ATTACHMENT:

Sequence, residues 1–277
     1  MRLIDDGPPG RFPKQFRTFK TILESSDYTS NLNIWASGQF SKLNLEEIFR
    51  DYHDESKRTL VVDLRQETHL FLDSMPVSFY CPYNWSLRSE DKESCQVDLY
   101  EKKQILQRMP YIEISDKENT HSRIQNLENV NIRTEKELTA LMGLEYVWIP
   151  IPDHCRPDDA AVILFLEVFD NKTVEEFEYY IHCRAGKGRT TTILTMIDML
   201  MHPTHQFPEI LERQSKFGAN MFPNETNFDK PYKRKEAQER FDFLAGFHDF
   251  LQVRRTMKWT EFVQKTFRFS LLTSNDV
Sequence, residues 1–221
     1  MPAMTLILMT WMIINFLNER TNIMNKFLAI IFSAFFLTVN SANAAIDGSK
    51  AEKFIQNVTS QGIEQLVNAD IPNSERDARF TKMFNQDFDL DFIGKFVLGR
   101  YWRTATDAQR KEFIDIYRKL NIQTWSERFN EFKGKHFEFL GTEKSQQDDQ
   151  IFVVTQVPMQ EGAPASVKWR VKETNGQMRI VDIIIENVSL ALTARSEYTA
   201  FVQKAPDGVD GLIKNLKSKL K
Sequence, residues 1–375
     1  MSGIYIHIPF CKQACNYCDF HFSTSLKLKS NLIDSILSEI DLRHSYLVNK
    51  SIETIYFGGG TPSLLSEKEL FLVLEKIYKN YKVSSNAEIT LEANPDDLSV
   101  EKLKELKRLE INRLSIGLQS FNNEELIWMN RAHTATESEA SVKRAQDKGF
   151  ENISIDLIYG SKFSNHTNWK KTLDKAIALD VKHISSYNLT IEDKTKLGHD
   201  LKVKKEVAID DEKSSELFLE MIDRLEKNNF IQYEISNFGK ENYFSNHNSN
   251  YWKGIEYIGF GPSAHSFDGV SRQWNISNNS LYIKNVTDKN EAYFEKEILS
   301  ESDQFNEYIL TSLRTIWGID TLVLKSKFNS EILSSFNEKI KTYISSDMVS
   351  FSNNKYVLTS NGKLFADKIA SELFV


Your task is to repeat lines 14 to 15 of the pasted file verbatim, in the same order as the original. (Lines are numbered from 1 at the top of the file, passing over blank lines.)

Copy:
Sequence, residues 1–375
     1  MSGIYIHIPF CKQACNYCDF HFSTSLKLKS NLIDSILSEI DLRHSYLVNK